Sunday, May 1, 2011

The Wedding

I was glad to join with my brothers in Christ this morning in our weekly Saturday meeting after missing several weeks. What should be the opening topic: the wedding of William and Kate. I told my wife about it and declared to her I should write a post on the subject. Here goes.

Just my mere reference to the wedding couple does not seem right: William and Kate. It may (and probably does for some) smack of disrespect, but that is precisely where I want to go with this article. The wedding ceremony of Prince William and his bride Kate Middleton appreciably showcases some important matters.

It is not the historical, political or economic impact or the significance of the succession of kings to the throne in England that captured my attention. I had no interest in the wedding. I saw a few clips as my wife and daughter replayed an earlier recorded program. What the wedding, and really not so much the actual wedding itself, brings to mind for me is the public acknowledgment, capture and celebration of the event by the British royal family and the British people in full splendor, pomp, circumstance with the invocation of God and His blessing.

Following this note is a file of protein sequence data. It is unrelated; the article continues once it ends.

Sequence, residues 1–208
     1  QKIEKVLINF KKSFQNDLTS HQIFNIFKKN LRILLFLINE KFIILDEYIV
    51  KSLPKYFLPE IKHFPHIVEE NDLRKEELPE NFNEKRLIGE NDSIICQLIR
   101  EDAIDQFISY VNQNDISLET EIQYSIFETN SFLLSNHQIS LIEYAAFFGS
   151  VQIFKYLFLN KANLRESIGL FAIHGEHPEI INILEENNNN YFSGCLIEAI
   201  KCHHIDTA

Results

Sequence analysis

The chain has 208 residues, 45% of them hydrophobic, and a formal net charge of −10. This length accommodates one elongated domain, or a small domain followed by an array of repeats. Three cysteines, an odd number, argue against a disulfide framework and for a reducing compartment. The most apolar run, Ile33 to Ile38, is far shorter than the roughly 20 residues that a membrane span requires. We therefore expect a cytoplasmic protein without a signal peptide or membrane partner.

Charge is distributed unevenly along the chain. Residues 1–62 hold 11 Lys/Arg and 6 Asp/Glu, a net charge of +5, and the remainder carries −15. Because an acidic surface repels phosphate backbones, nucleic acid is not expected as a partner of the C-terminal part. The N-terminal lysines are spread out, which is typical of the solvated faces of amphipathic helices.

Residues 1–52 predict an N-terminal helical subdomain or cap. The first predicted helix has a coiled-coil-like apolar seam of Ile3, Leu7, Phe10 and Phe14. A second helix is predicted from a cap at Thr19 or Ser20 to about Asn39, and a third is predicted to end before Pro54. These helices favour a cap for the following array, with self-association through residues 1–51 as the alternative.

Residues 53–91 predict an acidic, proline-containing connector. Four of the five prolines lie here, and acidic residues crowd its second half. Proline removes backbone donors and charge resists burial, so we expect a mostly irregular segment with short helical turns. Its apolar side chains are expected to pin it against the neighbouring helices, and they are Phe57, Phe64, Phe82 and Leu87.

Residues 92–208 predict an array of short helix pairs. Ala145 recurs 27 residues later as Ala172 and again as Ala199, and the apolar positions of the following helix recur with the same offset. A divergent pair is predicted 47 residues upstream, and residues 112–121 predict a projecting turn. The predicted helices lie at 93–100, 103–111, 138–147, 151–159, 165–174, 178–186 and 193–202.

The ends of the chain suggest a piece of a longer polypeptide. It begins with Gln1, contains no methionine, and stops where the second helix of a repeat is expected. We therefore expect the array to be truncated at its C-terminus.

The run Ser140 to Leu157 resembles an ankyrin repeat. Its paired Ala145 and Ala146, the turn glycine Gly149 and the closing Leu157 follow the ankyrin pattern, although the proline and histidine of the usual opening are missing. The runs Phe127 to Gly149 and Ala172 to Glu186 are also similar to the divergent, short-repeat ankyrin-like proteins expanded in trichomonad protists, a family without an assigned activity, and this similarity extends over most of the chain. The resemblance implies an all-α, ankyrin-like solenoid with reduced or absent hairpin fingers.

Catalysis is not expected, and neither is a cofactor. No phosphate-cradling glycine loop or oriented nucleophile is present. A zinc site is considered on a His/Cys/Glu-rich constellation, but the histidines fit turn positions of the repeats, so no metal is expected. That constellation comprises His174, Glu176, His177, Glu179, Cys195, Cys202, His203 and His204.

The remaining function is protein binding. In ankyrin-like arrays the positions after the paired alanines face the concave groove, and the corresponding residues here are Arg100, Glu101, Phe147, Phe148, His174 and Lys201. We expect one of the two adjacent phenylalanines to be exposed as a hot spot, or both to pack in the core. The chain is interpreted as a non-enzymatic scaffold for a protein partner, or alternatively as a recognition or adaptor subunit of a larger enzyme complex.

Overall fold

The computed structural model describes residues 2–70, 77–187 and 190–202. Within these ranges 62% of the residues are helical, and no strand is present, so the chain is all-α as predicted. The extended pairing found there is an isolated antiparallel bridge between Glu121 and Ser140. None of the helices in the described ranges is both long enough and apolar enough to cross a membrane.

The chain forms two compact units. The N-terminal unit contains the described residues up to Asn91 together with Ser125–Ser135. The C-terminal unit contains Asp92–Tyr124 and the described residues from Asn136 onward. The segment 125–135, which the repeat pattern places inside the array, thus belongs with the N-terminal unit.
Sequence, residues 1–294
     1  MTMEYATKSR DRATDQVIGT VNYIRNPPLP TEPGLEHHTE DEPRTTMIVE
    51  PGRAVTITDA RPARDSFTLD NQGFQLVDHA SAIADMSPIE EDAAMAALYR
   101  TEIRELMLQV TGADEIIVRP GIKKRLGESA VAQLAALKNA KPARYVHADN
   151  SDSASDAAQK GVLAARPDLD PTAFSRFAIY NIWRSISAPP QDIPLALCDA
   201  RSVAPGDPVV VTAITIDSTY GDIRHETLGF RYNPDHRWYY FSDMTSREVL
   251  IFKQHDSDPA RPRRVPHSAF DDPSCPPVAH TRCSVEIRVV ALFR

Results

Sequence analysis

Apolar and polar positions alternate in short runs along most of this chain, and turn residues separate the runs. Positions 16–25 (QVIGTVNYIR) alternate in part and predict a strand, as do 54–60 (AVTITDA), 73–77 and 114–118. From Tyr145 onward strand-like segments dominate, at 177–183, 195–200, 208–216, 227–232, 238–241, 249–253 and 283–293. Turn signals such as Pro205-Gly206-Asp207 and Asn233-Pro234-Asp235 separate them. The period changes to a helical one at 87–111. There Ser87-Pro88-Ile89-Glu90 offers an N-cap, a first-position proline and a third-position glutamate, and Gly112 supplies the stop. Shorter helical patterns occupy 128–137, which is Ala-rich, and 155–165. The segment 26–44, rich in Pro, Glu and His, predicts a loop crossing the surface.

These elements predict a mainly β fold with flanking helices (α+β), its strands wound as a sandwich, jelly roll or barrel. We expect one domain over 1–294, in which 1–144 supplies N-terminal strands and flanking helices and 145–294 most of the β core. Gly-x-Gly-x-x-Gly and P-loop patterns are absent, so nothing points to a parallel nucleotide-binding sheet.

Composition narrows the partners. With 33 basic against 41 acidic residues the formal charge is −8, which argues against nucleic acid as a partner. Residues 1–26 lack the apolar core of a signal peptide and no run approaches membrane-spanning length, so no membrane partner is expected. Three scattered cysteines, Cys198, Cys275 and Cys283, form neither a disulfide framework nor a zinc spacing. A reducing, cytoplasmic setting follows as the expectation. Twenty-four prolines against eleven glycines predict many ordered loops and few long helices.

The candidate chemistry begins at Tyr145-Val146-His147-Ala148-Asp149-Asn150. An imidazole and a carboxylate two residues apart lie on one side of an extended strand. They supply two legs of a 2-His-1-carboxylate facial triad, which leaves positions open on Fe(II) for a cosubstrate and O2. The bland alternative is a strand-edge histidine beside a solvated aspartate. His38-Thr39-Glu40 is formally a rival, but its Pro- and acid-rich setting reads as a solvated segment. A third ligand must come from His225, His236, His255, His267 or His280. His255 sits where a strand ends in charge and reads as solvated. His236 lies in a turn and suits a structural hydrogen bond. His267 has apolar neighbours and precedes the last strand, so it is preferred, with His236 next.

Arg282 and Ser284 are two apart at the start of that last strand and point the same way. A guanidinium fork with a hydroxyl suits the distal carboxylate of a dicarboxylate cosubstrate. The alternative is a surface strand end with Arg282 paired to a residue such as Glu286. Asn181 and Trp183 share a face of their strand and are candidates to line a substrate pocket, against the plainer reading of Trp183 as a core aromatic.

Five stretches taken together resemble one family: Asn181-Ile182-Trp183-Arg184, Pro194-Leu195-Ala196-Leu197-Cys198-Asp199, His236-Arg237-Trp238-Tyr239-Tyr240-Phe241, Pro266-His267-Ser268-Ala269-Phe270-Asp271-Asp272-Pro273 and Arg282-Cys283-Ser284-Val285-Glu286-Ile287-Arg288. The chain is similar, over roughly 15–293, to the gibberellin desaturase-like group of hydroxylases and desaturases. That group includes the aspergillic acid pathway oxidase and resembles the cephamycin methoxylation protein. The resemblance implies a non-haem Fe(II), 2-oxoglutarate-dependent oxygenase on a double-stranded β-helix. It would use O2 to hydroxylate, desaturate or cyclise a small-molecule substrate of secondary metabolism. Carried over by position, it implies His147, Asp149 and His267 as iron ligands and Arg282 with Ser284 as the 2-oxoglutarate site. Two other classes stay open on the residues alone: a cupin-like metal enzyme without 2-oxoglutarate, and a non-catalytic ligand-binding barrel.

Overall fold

I believe it was Richard Harris, a British subject no less, who made the statement in a western movie about the scourge of crime affecting the American west . He attributed that scourge to the lack of royalty and disdain for reverence in America.

No, I'm not advocating for a throne in America but the point Harris about reverence reverberated in the wedding event. It is the public acknowledgment, capture or celebration of any sense of reverence Americans have cast out perhaps not with disdain and contempt but with equal measure of disregard and indifference. This is not to say the British are a devout people towards God. However, it is not as though Americans have never known formality and reverence. Even a young person will have an awareness of what is casual and what is formal; what conveys some semblance or acknowledgment of reverence and propriety in public. If they have never experienced it personally they see formality in their entertainment idols at awards ceremonies as well as the casualness in their idols' lives captured in reality TV shows.

Certainly, one undeniable truth about the wedding of Prince William and Catherine Middleton was the honor of marriage as the union of a man and a woman in purity to maintained in holiness: